Monthly Archives: March 2011

Quotation of the Day

“In the purer ages of the commonwealth, the use of arms was reserved for those ranks of citizens who had a country to love, a property to defend, and some share in enacting those laws, which it was their interest, … Continue reading

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Quotation of the Day

“Bastiat believed that all human beings possessed the God-given, natural rights of “individuality, liberty, property.”  “This is man,” he wrote.  “These three gifts from God precede all human legislation.”  But even in his time―writing in the late 1840s―Bastiat was alarmed … Continue reading

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Quotation of the Day

“Is the human mind nothing but matter in motion?  Surprisingly, physics itself, a subject concerned only with matter and its properties, may tell us that the answer is no.  At least, this is the view of some modern physicists of … Continue reading

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Quotation of the Day

“Federal deposit insurance, it should be noted, didn’t stop bank failures.  Banks continued to fail.  Since depositors no longer worried about losing their money, though, there weren’t any more serious bank panics.  A major effect of deposit insurance was to … Continue reading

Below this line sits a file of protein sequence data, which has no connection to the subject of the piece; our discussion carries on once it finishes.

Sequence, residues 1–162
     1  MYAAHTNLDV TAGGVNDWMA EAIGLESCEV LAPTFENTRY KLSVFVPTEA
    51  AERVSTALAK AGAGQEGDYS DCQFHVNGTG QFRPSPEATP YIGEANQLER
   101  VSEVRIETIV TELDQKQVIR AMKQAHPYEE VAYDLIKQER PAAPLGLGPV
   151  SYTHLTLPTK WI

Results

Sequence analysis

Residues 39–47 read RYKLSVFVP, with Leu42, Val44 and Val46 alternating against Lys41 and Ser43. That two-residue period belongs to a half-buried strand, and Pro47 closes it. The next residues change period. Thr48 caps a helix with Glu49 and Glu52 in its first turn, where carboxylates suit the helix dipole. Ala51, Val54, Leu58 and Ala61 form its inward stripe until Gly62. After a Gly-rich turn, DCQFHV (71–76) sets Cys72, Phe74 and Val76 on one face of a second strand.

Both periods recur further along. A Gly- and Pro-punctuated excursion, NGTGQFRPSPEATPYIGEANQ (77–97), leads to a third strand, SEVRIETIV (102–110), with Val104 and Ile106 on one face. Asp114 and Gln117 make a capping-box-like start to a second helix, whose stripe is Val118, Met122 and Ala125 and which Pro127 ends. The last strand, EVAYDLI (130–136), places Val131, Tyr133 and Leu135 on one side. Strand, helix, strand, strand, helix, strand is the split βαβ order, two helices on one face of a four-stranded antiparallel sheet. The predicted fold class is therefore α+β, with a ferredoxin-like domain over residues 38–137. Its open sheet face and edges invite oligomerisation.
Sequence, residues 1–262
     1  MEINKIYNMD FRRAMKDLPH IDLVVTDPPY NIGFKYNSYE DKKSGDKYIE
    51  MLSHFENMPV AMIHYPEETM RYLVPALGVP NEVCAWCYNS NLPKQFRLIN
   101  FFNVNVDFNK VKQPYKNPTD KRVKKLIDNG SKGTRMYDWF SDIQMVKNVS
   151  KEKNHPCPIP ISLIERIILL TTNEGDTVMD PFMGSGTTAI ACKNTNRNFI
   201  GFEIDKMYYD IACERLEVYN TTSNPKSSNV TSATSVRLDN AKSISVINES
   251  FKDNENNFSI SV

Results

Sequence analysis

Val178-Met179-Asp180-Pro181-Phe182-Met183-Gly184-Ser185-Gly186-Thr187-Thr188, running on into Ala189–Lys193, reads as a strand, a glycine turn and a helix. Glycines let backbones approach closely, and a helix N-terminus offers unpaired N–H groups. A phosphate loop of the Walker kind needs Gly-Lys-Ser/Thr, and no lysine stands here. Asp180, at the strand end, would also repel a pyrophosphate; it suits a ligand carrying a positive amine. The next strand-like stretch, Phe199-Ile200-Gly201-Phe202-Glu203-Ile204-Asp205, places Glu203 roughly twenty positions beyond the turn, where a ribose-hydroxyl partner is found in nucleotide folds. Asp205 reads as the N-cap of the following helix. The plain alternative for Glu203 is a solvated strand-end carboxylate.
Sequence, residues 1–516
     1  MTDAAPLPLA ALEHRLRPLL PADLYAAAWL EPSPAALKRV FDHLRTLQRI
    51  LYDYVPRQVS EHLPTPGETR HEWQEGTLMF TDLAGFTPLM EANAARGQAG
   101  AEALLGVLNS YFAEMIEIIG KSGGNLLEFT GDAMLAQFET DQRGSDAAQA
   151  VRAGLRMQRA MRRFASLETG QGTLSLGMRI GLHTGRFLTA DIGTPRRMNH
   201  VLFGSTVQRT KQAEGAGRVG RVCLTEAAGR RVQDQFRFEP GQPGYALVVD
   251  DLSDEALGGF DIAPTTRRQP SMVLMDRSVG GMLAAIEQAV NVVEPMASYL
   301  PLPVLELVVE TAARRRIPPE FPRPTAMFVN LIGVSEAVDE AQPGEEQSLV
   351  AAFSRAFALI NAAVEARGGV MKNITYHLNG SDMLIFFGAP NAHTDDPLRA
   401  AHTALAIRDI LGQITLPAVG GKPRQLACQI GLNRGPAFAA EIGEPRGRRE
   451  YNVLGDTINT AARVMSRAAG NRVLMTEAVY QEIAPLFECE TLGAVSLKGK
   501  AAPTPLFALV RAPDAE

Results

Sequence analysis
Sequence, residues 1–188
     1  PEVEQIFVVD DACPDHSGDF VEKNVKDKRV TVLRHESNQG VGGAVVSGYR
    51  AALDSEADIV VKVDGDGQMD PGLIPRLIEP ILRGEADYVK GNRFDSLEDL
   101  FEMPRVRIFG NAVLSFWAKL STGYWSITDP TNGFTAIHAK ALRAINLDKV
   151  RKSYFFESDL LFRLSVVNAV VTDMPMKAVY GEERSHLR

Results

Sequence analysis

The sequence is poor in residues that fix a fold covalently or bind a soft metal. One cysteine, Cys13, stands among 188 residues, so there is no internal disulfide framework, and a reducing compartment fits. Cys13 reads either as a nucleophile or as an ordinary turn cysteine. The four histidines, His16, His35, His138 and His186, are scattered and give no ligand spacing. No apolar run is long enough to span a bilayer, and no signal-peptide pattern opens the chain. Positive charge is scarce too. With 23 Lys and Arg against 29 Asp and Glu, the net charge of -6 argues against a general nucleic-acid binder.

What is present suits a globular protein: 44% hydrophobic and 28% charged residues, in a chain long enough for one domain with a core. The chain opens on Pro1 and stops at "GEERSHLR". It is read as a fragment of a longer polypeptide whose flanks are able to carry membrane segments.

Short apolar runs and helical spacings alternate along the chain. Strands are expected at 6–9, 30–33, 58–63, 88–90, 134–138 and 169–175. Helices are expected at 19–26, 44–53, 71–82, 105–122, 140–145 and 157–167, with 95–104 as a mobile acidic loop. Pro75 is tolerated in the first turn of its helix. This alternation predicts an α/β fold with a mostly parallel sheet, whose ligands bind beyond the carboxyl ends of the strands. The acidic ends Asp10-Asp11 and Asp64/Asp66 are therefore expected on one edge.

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Quotation of the Day

“…prudent thought is veiled anew [again and again] and disappears behind the clouds gathered by a superb and absolute confidence in the omnipotence of modern science.” ― Pierre Duhem, Essays in the History and Philosophy of Science, translated and edited, … Continue reading

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Quotation of the Day

“Politicians had always been good at giving away what belonged to other people, and they probably always would be.” From H. W. Brand’s The Reckless Decade, America in the 1890s, Copyright © 1995 by H. W. Brands, University of Chicago … Continue reading

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Quotation of the Day

“FDR tripled taxes during the Great Depression, from $1.6 billion in 1933 to $5.3 billion in 1940. Federal taxes as a percentage of the gross national product jumped from 3.5 percent in 1933 to 6.9 percent in 1940, and taxes … Continue reading

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